Daphné Vanessa (17:03): Thank you. Are really speaking about this and bring it to the forefront, but it takes generational diversity to see that. So that's just 0.1. Yeah. Point two is on what you were saying is who is that message coming from? And I agree that it's really unfortunate that people don't know what they're signing up for. I think that's, that's really terrible, but I don't know if that responsibility lies with the government. I, I, I don't know that I can personally agree with that. And I think more conversation needs to happen for me to sort of feel comfortable with that. But I do think a good starting place is maybe speaking to universities and educating parents, honestly, of people going to school because while I didn't receive training in university on scholarships, my, my parents gave me a lot of that. And so I wonder how we can get parents of different schools to become informed about the process while also informing students.

Daphné Vanessa (18:06): Is it a university session? Is it new students admittance day when you guys have start to come on campus to talk about this? I don't know, but there's a lot of opportunity. And actually since we're on the topic, if any university administrator is listening to this, we are offering a free session for new students acceptance day in the summer. Whenever you guys have that for your students to teach them about this, because there is an opportunity to learn about it. Maybe universities don't have the right capacity to do this, but we are happy to help you guys with that. If that's something that you're interested in.

Shamil Rodriguez (18:45): Yeah. And I think, I think the argument about whose role it is and whether it's the governments or not. I think what I appreciated about her statement that we just played was that it was less about whether it's the government, just in that specific statement, I'm sure she has others, but it was more so about having access to people that don't have the maturity or the financial know-how to make those types of decisions. And it, it immediately, for me, for some reason, brought back to mind where there are certain limitations that, that people can have access to based on, you know, population. So if you were, you know, a life insurance salesperson, you couldn't go into a hospital and like ask for records of people that had new babies and say, Hey, we want to sell our products to these people. Right? Like, so what I, what that, the reason I brought that up is to say, you know, maybe we should not allow for those recruiters to come to high schools, to ask people, to sell that dream, to sell that vision of this $120,000, total loan debt that you're gonna take out so that you can do what party.

Shamil Rodriguez (19:49): Right. Cause that's the other argument that we hear on the other side soon, or at least arguments that I've heard in the conversations

Daphné Vanessa (19:54): That I have. Right. It's already in the comments

Shamil Rodriguez (19:56): It's already in the comments. Right? So , but that's my point is that I think it doesn't necessarily have to be that the government, the government, the government is the one in charge of your decision making. I think that the government should at least consider, Hey, how are we profiting from this? That which know they are right? How are we allowing for people that are advocating to take out student loan debt? How are they having access to teenagers, which I think would be smart to talk about limiting access, or if you are going to have access, then having these counseling sessions, having these, these coaches sit with people independently and having to make decisions based on what the reality is gonna look like based on the average income for someone graduating in their field and what percentage of their net income that would actually look like.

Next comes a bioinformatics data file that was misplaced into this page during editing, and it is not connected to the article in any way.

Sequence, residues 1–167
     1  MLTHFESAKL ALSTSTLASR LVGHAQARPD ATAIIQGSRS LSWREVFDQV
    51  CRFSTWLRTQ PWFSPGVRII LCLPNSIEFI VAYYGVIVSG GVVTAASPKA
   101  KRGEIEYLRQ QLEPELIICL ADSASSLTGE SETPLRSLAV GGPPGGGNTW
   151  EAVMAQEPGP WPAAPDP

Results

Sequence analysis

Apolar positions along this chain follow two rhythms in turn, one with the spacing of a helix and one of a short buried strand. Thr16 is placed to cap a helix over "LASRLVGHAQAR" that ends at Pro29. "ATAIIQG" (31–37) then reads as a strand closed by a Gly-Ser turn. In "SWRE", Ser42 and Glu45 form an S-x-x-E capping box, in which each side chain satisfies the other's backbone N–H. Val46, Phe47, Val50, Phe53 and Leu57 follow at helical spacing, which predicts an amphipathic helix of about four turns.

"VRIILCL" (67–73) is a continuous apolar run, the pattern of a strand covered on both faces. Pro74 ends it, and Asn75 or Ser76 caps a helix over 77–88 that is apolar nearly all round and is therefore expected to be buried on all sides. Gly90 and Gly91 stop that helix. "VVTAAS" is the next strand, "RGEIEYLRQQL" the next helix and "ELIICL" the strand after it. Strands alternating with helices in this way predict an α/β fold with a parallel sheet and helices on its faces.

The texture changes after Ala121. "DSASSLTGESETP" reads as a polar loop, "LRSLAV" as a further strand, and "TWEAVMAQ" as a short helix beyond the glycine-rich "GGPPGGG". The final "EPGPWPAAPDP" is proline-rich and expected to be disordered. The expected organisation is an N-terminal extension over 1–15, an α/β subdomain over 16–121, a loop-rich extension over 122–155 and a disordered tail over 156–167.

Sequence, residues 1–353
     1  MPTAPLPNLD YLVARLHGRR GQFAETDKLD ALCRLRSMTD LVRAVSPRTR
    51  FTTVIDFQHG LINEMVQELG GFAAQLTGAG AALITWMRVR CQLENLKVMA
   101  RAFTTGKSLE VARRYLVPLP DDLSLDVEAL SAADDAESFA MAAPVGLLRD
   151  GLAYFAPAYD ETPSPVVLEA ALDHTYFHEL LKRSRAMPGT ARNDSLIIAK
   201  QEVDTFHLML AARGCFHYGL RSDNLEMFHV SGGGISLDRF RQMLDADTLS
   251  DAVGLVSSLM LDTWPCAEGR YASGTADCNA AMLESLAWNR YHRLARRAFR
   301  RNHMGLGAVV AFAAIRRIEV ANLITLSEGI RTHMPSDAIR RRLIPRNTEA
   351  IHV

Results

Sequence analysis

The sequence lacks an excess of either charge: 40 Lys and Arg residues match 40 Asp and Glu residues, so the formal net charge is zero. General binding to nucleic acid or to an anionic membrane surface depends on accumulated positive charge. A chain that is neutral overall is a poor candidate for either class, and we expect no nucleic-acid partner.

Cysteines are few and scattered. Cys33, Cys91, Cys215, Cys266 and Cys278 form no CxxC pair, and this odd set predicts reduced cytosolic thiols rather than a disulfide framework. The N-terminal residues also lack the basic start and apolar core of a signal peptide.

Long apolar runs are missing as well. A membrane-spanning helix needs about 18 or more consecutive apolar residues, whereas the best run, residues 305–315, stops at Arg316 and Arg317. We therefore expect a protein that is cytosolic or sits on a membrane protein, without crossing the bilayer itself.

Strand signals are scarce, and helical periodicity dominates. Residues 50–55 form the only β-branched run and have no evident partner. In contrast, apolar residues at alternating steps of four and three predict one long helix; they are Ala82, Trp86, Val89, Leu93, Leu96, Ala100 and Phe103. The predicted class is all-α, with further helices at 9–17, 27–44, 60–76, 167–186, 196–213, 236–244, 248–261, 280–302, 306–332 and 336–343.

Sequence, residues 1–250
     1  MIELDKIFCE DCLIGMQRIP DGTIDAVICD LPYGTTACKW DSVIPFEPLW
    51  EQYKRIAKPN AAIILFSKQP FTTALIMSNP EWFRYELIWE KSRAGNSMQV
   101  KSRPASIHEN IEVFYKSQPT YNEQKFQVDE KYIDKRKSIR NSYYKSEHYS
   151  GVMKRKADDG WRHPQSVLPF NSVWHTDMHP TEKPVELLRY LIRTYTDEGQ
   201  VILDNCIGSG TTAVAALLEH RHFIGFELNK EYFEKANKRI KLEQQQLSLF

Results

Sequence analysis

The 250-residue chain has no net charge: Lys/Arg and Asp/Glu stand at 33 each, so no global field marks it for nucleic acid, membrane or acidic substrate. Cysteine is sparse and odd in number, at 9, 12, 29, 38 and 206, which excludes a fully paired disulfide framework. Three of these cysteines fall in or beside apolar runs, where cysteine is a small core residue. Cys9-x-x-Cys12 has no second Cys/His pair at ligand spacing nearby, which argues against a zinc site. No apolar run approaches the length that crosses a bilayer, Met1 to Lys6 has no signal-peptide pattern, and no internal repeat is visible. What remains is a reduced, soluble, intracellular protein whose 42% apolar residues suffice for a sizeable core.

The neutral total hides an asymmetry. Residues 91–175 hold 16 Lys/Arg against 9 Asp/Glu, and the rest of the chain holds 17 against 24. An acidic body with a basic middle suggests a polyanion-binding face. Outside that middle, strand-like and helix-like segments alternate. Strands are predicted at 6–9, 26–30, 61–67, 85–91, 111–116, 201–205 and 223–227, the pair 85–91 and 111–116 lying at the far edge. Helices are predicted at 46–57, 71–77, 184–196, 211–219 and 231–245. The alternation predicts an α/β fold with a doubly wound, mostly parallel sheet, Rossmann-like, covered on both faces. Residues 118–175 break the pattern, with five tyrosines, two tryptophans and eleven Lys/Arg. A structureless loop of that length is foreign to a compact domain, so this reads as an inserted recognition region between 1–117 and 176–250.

Shamil Rodriguez (20:42): I think if you start to say, oh, I'm only gonna have $500 left a month based on all that debt. No, I'd rather have more, you know, like there's just cuz she hit on that. I, and, and I think that might be a good segue into the last part that I wanna talk about from that clip. She hit on the point, that was very important, which is people are deferring life decisions, right? It's not our responsibility. I found that interesting the whole time industry thing. I didn't know about that. That's news to me, but news

Daphné Vanessa (21:06): To man, I'm very rare. Cause , it's affecting the prices of some jewelry that I've been looking at, but, but go on, go

Shamil Rodriguez (21:14): On. Oh man. Oh man. Bad for me. no, but the, the the idea of deferring your life decisions because of your student loan debt, I think that's absolutely true. Like I deferred going to law school because of that, but I figured out a way to do it, right? Like a, a part of, of, of the benefit of going to the military in New Jersey in particular and some other states they pay for your schooling. If you go to a state school. Now that that was the benefit that I learned about, you know, towards the end of me coming in. So that was great. And I ended up going, but not everybody's going to do that. Right. Not everyone gonna pursue that type of path. But I think that the idea that I waited, you know, two to three years to make that decision because of my student loan debt, it was purely because of man, I'm already paying, you know, this amount of money per month towards my student loans. I really can't just take on another one and just add it to it. Like I have to think of a plan before I, I go there, but that was because I had learned through the bumps and bruises of having my undergraduate student loans be so high for what I was making, coming outta college. What do you think Daphné?